need ISP/IP map
June 10, 2006 1:38 PM   Subscribe

Is there a database or service that can take an IP address and return the name of the ISP that owns it?

In order to better understand Net Neutrality, I may build a tool to gather neutrality statistics from around the internet. The tool would either be a browser plugin or a windows systray icon that pings a few dozen popular websites a few times daily and then sends a digest of the results to a central server.

So far, all of this is simple enough, but I need some way to take the IP Addresses used by people running my tool and resolve them to particular IP addresses.
posted by b1tr0t to Computers & Internet (16 answers total)
You probably want to be using the ARIN WHOIS database.
posted by HAMFIST at 1:42 PM on June 10, 2006

ping -a + a simple shell script won't cut it?
posted by Ryvar at 1:42 PM on June 10, 2006

here you go
posted by delmoi at 1:52 PM on June 10, 2006

Ryvar - that would work for one person - my plan is to publish the tool and get thousands of people to run it. That way, I'd have a useful database of internet connectivity.
posted by b1tr0t at 2:17 PM on June 10, 2006

ARIN only resolves some addresses. Others require reference to other regional authorities:

posted by Steven C. Den Beste at 2:22 PM on June 10, 2006

if you're looking for general internet connectivity information, a few recent research efforts that spring to mind are routeviews and skitter. there also might be some papers appearing in sigcomm 2006 that could probably pique your interest. several leading internet research types aren't exactly big proponents of net neutrality, so rest assured that if/when it is implemented, there will be a few research efforts to determine its effect on the internet at large.
posted by kaytwo at 2:35 PM on June 10, 2006

Also a great site:
posted by jimmy0x52 at 3:27 PM on June 10, 2006

my plan is to publish the tool and get thousands of people to run it. That way, I'd have a useful database of internet connectivity.

Could you explain what you meant by that? I'm scratching my head.

I use Sam Spade for lookup stuff like that.
posted by AmbroseChapel at 3:52 PM on June 10, 2006

I'm confused too. The database already exists (and yours will already be less complete) as well as the downloadable tool (Sam Spade). Is there something I'm missing?
posted by winston at 4:31 PM on June 10, 2006

Sam spade looks like it is useful for finding out what sort of connectivity I have at my site. I'm more interested in understanding what sort of connectivity exists across the internet.

To understand how evenly connected the internet is, I need a large number of people to gather statistics about their local connectivity, and forward that data to a central location. The subject of this AskMe only relates to turning some of the numeric data into a more useful symbolic form - I have no intention of publishing DNS information.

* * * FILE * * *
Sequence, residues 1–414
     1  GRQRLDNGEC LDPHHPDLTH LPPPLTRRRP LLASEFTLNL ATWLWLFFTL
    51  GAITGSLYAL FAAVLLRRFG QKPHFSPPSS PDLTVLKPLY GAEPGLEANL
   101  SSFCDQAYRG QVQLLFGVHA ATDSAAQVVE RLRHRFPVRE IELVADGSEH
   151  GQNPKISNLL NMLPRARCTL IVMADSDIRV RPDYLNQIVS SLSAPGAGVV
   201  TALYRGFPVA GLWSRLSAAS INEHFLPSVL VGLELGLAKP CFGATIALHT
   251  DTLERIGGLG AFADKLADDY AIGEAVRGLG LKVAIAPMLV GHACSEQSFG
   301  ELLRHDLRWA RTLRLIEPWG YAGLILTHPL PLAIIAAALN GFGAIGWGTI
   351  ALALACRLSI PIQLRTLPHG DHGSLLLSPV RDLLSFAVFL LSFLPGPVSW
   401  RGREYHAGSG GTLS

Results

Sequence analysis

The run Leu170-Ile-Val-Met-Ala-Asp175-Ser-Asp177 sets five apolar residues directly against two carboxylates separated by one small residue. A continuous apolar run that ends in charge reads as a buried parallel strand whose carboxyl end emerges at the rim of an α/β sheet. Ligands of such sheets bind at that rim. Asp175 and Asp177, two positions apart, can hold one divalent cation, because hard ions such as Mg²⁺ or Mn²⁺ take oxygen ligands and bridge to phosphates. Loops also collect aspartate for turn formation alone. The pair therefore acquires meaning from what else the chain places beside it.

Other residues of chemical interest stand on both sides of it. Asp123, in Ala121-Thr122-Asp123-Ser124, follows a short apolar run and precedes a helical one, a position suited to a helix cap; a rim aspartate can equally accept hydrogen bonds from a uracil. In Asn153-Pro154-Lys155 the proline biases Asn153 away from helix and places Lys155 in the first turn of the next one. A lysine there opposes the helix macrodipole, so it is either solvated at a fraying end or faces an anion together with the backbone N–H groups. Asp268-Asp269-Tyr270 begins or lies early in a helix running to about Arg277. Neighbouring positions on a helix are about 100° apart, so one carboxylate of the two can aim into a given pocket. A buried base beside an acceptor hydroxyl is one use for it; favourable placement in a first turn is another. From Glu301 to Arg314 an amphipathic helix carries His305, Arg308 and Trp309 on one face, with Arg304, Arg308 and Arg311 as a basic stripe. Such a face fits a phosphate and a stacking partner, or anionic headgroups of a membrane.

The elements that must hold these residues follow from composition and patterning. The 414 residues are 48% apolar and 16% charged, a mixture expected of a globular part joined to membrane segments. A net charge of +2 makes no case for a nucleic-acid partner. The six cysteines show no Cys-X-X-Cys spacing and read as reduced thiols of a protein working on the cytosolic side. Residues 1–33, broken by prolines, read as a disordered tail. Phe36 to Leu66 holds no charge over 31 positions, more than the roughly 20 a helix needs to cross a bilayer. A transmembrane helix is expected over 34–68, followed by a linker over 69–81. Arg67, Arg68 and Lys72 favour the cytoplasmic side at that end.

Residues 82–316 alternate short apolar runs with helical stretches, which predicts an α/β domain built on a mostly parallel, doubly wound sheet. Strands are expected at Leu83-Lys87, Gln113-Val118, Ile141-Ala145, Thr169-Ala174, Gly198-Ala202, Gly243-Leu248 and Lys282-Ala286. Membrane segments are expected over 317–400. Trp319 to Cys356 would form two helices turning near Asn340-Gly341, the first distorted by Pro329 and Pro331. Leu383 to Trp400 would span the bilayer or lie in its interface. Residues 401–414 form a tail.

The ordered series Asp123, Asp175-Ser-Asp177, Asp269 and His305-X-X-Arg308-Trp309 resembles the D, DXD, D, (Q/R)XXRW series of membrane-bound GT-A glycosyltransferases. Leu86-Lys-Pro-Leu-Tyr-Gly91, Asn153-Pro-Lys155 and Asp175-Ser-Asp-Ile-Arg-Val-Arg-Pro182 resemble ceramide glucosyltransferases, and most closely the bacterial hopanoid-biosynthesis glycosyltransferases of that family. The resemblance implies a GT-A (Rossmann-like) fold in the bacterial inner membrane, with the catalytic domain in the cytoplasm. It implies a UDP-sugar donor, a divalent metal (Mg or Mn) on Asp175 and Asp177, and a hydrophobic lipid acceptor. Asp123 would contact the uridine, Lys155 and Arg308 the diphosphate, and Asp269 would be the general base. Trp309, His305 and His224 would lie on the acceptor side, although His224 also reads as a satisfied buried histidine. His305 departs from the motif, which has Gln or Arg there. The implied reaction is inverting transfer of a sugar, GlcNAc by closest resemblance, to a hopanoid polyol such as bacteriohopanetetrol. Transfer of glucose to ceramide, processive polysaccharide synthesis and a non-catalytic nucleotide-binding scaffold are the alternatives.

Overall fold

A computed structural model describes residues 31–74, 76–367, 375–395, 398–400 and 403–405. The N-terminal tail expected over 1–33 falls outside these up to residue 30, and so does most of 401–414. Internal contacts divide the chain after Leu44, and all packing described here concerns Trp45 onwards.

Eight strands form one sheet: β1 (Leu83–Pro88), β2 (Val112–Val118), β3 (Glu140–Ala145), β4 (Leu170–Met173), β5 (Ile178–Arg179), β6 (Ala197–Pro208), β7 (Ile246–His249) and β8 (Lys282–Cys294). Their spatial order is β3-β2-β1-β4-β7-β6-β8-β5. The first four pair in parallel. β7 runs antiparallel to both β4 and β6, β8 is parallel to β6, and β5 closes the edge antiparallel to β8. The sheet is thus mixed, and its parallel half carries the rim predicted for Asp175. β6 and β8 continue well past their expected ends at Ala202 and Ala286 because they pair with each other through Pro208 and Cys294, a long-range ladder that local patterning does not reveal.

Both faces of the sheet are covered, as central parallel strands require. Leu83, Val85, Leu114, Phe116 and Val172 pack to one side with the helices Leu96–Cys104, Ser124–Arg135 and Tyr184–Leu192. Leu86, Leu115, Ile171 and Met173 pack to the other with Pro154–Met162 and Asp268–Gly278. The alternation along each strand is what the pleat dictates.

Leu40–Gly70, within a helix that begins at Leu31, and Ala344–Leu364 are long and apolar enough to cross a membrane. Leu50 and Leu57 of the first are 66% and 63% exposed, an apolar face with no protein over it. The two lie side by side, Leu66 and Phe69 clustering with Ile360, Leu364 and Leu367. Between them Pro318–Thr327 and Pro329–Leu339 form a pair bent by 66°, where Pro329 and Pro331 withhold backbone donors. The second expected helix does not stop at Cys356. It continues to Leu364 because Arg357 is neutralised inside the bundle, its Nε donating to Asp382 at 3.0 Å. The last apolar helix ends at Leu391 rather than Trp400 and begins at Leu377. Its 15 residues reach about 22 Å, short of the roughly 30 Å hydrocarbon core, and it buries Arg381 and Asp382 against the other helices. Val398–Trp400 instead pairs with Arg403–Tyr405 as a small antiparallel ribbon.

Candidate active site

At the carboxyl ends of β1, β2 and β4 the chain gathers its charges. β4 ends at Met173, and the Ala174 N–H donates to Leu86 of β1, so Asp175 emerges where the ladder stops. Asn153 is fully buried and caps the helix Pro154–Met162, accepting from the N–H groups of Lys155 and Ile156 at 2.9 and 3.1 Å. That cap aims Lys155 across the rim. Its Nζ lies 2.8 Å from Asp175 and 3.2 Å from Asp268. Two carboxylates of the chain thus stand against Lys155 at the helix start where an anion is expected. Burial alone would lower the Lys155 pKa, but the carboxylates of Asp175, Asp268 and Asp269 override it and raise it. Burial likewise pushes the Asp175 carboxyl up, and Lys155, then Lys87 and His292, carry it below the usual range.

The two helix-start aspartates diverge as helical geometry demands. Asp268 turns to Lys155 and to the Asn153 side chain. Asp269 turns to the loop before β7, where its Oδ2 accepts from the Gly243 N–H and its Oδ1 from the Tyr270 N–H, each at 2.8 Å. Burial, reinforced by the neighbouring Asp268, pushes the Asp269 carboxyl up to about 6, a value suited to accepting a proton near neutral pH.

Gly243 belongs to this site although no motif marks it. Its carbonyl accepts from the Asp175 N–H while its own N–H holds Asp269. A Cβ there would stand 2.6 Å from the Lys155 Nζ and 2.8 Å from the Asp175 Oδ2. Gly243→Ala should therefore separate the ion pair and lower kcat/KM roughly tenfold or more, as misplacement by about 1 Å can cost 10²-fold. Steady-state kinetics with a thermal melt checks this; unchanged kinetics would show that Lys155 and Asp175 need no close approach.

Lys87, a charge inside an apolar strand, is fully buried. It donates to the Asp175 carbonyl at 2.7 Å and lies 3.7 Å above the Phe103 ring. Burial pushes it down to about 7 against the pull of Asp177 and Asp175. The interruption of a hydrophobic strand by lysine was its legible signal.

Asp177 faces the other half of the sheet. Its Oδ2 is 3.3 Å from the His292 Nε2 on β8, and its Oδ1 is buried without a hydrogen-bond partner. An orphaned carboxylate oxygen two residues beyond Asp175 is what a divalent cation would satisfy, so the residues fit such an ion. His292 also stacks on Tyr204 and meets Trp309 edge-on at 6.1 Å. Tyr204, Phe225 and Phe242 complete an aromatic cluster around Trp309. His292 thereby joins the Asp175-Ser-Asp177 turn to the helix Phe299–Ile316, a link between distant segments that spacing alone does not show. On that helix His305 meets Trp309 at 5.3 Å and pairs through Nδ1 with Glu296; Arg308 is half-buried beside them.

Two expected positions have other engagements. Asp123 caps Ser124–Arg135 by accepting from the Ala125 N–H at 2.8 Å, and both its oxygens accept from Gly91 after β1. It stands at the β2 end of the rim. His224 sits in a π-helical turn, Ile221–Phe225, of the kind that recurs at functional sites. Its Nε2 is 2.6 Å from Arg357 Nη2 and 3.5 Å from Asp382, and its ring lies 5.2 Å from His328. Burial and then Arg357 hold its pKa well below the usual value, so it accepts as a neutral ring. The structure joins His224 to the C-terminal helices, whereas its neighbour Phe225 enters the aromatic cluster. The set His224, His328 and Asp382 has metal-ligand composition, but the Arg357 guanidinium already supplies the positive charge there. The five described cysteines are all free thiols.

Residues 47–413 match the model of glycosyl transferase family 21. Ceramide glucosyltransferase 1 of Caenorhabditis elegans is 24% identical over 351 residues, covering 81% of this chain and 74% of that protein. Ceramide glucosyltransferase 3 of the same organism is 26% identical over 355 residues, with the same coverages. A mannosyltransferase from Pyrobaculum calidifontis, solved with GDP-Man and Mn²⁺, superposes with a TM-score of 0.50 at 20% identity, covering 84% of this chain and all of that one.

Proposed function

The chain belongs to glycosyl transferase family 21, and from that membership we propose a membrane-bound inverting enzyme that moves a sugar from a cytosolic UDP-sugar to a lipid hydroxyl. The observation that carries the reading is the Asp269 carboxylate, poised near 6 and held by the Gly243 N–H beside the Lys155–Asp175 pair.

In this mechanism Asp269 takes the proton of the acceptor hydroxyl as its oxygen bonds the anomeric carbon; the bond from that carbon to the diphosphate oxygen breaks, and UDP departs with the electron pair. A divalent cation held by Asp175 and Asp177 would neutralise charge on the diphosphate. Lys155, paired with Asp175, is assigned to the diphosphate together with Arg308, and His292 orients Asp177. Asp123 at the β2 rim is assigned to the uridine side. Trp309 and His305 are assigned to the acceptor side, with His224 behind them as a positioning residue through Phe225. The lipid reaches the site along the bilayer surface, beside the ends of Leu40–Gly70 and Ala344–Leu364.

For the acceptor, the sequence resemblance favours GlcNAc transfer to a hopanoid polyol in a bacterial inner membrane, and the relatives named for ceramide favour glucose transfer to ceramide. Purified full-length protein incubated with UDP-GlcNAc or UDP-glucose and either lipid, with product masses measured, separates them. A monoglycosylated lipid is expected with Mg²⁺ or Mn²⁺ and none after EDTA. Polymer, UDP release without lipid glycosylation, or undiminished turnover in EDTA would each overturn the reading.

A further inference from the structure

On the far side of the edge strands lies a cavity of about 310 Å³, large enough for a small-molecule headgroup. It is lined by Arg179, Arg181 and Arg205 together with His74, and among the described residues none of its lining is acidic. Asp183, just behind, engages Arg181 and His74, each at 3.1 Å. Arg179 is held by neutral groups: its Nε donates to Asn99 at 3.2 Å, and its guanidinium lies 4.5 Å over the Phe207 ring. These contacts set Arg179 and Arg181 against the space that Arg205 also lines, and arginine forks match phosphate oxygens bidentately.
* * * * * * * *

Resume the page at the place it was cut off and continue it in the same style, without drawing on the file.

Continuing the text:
posted by b1tr0t at 6:22 PM on June 10, 2006

You might be interested in some of the IP to location services. See the previous askme
posted by Sharcho at 6:42 PM on June 10, 2006

Either I still don't get it ("To understand how evenly connected the internet is"? In the US, pretty evenly. In East Timor, not so much.), or what you want has already been done in a much more systematic way by people who have access to the data from whois databases and traffic on the big backbones.
posted by AmbroseChapel at 10:06 PM on June 10, 2006

yeah, but the whois database and backbones are irrelevant. I'm more interested in how connectivity is perceived from various end-users. Does everyone get 100 ms pings to google, msn, and yahoo, or not? Does access depend on intentional decisions, or unintentional design decisions?
posted by b1tr0t at 11:15 PM on June 10, 2006

So you want to map the internet by ping? Or are you trying something more like this?
posted by 999 at 4:21 AM on June 11, 2006

ping is just a starting point. The internet mapping project is definitely an inspiration, but that project is more about the reachability of the internet. I'm more interested in gaining qualitative insight into how reachable major internet sites are by ISP customers. I don't care much about the dark reaches of the internet, I'm more interested to discover whether Comcast customers get faster routes to Google than Yahoo!, for example.
posted by b1tr0t at 3:21 PM on June 11, 2006

OK. I finally get it. I can't help you, but at least I understand the question. I think you should have asked it that way at the start.
posted by AmbroseChapel at 12:58 AM on June 12, 2006

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